The Big Focus

It’s All Making Sense Now…

If you’ve read “The Big Truth”, then you know that…

  • Life is built on Conflict.
  • Conflict is “Competition, stress, pressure, struggle to win.”
  • Two forces in conflict until one wins is what makes life possible…
  • This includes all life…Physical, Mental, and Emotional.
  • Marcus Aurelius says it best…
  • “The impediment to action advances action. What stands in the way is the way”

You know that the Ancient Greek and Romans called this Big Truth Physis.

But the Big Question is…

How does this relate to you?

It all comes down to 11 simple words…

Focus On What You Can Control,

Not On What You Can’t.

Lt. Cmdr. James Bond Stockdale was America’s go-to sky captain flyboy in the Vietnam War…

He personally led the first airstrikes into North Vietnam, was there to see the Gulf of Tonkin Incident, and had developed innovative bombing techniques to save American lives and bring the enemy to surrender faster than ever before!

But on September 4, 1965…Communist Anti-Aircraft gunners scored their biggest prize of the war…

America’s go-to sky captain flyboy!

Sentenced to seven years in the infamous Red torture chamber…the Hanoi Hilton…Stockdale used the idea behind these 11 simple words to refuse being a slave…and to lead his fellow American POWs to victory behind bars!

Focus on what you can control, not on what you can’t.

That sounds good…but what exactly is it that you control?

Don’t worry, there’s one guy who can answer your question…

His name is Epictetus.

Epictetus was a Roman slave in the days of Nero. He watched as Rome burned and Nero laughed, and when Nero was assassinated, his master was arrested as part of a round-up of pro-Nero flunkies…

This made Epictetus a free man, and with his newfound freedom, he decided to use his wisdom he had gotten as witness to history to teach other people what life was all about!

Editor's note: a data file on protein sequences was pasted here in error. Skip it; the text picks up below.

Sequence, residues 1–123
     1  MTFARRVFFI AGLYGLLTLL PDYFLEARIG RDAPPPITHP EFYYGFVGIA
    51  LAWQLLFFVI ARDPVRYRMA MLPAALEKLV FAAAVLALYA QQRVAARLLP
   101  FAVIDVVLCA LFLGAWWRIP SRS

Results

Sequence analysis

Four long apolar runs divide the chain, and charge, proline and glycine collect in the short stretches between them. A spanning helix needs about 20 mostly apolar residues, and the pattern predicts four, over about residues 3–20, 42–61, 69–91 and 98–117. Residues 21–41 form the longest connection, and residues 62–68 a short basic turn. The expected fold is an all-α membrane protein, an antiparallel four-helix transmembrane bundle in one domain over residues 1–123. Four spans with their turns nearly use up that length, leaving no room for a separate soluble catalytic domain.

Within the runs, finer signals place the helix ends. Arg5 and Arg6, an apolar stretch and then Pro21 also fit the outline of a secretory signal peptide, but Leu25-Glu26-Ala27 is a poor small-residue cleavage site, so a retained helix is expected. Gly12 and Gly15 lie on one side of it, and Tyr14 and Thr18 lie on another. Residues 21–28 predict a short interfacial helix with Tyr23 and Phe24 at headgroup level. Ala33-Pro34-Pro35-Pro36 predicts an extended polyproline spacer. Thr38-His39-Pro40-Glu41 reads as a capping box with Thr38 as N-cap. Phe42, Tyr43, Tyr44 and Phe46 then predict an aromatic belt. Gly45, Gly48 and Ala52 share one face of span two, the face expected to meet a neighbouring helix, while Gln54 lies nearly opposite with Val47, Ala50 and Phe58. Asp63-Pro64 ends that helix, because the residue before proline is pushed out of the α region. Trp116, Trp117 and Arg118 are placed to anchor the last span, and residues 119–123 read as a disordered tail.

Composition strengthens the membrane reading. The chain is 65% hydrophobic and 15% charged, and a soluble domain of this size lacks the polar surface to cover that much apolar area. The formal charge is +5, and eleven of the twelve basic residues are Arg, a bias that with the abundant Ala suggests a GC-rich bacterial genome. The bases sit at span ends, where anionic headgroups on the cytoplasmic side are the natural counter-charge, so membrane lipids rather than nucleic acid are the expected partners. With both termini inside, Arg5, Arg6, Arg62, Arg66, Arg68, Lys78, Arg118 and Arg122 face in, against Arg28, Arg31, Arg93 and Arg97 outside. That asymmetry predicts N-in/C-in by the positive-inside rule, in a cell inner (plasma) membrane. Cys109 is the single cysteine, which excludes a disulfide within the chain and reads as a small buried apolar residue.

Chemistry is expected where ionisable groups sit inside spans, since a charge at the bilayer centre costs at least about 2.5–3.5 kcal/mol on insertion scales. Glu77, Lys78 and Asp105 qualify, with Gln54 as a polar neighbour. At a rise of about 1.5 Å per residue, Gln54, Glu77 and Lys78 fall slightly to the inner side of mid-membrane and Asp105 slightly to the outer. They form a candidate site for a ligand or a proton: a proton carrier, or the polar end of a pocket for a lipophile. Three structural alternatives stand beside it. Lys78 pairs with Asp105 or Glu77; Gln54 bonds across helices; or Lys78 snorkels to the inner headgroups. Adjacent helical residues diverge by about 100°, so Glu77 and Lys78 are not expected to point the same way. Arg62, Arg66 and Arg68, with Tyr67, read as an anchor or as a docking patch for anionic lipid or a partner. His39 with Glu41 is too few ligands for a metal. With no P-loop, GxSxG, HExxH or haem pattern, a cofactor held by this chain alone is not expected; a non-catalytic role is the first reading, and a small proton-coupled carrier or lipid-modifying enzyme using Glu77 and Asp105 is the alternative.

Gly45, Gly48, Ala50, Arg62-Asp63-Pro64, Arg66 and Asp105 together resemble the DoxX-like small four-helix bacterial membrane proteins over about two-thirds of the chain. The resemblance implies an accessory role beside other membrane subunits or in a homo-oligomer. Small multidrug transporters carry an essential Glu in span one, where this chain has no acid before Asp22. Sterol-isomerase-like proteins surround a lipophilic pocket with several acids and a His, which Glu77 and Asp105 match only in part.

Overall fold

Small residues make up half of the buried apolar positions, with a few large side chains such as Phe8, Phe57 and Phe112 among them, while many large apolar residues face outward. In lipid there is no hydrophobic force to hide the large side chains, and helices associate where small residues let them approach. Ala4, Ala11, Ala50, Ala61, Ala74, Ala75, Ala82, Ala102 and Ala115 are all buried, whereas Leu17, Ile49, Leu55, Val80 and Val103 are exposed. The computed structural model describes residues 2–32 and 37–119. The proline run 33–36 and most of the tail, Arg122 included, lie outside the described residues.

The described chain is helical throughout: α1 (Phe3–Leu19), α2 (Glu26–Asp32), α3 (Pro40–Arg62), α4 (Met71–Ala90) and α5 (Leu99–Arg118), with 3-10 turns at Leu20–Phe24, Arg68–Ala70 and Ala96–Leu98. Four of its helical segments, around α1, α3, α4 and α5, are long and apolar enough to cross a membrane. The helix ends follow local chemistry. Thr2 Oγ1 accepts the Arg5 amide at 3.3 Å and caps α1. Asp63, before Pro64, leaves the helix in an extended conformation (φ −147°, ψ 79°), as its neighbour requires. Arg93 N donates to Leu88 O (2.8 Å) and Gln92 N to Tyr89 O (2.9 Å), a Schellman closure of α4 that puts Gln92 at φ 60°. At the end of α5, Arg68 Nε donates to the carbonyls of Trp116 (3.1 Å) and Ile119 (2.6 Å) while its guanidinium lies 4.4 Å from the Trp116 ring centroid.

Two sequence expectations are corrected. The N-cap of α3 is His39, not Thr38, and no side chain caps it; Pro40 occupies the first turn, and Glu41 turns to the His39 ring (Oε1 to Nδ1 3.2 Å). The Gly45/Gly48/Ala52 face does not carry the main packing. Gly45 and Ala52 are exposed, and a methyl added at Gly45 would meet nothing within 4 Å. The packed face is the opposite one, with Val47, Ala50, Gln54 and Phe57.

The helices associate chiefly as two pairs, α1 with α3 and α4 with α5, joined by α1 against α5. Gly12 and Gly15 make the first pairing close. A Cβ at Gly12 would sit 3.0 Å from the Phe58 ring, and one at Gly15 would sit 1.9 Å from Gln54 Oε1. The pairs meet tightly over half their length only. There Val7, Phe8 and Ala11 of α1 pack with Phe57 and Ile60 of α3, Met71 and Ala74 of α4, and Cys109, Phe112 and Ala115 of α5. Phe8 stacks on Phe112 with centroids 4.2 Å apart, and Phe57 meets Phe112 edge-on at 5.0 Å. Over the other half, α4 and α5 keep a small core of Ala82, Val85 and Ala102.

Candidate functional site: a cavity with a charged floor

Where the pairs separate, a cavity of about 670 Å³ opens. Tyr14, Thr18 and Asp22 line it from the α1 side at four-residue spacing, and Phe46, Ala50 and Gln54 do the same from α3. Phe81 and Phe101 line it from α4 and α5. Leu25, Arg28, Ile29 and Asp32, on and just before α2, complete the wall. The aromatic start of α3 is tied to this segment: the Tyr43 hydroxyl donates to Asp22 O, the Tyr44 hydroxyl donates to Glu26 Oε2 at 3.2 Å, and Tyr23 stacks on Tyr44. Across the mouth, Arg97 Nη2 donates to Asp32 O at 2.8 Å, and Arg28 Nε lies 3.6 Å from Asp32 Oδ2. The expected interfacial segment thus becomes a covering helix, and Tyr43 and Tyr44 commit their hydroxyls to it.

He became a Stoic Philosopher, an advisor to the Stoic Soldier Roman Emperor Marcus Aurelius, and one of the straightest shooting guys history had ever seen!

Epictetus was Stockdale’s go-to guy when it came to understanding the nature of life. The old fighter pilot liked him because…

“Even with the  most conservative translators, Epictetus comes across as speaking like a modern person” (Stockdale 186).

If anybody can tell you what’s under your control, it’s Epictetus…

What is Under Your Control?

Epictetus called the things within our control “INTERNAL.”

One the first page of his book, he lays it all out up front…

“Within our power are opinion, aim, desire, aversion, and in one word, whatever affairs are our own” (Epictetus…)

This includes what we do to our “body, property, reputation, [and] office” in life (Epictetus…)  

Epictetus called the things out of our control “EXTERNAL”

What is not under our control is what other people to do to our “body, property, reputation, [and] office” in life, “and in one word, whatever are not properly our affairs” (Epictetus…).